Robin Williams

Doctor Clown Healer

Staff Writer
The most memorable incident in the life of 16-year-old Oopsie took place last year in a stranger’s hospital room in Israel. Oopsie is the non-de-plume of Zachy Adler, a yeshiva high school student from Woodmere, L.I., who, as a clown outfitted with makeup, red foam-rubber nose and floppy ears, entertains kids in hospitals and senior citizens in nursing homes in both Israel and the United States. Visiting Tel Aviv’s Tel HaShomer Hospital with a group of fellow young clowns from the New York area, he noticed a sad-looking girl sitting alone in an open room.

Days Of Guffaw

Staff Writer
"But don't let me catch you laughing." It's not the traditional punch line for a classic Jewish joke, but a comedy club that hosts High Holy Days services is not your traditional comedy club.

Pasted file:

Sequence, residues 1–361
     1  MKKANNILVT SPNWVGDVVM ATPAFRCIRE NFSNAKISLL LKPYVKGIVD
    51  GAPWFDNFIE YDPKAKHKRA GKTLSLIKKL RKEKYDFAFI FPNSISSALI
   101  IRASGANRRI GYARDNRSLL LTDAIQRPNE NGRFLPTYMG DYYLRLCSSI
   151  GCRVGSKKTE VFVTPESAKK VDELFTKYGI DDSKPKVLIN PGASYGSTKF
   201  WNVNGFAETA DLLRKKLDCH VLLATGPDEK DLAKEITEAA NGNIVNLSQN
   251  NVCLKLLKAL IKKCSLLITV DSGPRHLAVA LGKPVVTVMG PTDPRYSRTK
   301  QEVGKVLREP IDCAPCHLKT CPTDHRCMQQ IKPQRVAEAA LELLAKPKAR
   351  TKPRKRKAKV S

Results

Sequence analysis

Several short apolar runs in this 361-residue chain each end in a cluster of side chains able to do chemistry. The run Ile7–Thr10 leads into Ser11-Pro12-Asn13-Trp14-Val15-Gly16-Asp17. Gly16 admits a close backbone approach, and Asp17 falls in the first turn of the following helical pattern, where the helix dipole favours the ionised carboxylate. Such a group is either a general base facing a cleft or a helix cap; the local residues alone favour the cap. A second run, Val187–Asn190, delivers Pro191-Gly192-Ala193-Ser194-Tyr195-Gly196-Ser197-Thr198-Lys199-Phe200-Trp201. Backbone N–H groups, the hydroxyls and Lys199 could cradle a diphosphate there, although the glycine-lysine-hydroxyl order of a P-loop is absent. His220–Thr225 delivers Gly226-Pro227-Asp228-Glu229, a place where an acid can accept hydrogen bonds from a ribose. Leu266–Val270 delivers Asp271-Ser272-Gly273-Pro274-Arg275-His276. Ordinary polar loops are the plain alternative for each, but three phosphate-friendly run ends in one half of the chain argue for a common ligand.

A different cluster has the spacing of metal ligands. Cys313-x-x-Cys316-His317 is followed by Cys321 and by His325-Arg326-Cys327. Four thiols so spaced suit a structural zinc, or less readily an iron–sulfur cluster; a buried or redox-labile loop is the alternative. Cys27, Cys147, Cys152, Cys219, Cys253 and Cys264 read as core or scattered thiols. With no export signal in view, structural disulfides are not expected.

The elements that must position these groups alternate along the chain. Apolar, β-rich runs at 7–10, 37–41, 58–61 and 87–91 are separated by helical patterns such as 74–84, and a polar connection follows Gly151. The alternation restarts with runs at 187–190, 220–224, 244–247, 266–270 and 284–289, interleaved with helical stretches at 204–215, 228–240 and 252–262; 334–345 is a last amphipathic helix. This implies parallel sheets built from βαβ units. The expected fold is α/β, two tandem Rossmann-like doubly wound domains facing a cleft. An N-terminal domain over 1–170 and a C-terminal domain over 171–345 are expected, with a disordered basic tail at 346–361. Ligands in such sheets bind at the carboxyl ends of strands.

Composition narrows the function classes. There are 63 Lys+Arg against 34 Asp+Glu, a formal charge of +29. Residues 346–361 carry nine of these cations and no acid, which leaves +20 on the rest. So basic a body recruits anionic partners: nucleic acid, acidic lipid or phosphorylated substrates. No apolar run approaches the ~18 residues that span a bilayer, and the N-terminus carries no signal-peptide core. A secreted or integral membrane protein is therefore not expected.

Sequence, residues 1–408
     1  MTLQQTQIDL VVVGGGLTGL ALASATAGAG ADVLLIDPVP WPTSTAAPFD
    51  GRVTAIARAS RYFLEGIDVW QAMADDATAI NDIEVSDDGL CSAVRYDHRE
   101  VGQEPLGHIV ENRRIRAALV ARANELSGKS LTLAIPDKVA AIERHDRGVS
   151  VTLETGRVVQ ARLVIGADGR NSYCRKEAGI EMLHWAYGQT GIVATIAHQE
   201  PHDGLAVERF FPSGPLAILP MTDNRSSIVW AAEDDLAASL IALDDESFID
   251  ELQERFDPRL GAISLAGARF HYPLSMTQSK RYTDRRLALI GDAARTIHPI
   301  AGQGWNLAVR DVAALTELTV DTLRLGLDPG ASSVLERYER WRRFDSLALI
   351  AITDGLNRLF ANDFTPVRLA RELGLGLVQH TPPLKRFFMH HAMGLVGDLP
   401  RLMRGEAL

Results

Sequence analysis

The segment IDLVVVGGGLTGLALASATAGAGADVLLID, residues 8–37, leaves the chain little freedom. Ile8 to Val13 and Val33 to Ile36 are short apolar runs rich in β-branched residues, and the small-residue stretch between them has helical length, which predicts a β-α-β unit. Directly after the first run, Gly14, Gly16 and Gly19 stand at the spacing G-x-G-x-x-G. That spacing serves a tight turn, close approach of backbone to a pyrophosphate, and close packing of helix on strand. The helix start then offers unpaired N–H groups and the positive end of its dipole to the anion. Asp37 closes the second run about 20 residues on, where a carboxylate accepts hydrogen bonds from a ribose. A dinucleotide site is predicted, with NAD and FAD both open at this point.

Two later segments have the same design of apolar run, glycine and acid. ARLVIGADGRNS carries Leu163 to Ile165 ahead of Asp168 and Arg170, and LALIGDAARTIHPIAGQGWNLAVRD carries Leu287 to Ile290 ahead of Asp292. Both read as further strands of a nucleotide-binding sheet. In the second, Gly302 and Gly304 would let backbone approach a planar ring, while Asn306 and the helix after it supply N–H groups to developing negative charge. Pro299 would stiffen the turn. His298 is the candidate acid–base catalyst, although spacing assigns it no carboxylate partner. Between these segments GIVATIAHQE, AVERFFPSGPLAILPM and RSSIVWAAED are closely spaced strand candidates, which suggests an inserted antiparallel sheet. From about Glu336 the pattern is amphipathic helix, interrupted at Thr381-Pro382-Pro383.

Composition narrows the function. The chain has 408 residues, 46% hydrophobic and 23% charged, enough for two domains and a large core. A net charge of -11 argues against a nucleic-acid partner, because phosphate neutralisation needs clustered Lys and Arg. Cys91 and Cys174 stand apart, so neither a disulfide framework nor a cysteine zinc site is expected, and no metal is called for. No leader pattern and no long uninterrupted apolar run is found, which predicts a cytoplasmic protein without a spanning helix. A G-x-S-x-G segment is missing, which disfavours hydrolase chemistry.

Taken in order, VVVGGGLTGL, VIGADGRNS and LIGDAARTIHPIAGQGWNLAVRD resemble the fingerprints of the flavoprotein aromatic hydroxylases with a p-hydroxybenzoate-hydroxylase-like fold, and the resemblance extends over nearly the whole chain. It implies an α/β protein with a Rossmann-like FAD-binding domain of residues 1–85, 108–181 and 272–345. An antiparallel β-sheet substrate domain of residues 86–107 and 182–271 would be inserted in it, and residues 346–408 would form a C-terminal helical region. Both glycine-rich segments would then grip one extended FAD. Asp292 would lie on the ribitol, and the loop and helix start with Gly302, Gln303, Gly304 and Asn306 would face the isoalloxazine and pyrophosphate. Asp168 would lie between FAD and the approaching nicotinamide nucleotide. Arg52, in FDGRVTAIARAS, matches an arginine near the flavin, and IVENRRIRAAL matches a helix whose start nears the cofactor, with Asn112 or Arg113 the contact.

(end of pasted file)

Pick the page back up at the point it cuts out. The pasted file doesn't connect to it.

The Lie That Nourishes

Staff Writer
In an unnamed Polish ghetto in 1943 or 1944, a former potato pancake restaurateur is feeding the Jews hope instead of food. Jakob Heym has (he says, falsely) a hidden radio, punishable by death at Nazi hands. He fabricates and whispers, at his forced labor job, reports of the advancing Red Army, boosting the spirits of the doomed ghetto residents. And he tells Lina, an 8-year-old orphan he has surreptitiously taken under his care, happy-ending fairy tales. Jakob is a liar. And Robin Williams, the master of thespian overkill, is an understated Jakob.
Syndicate content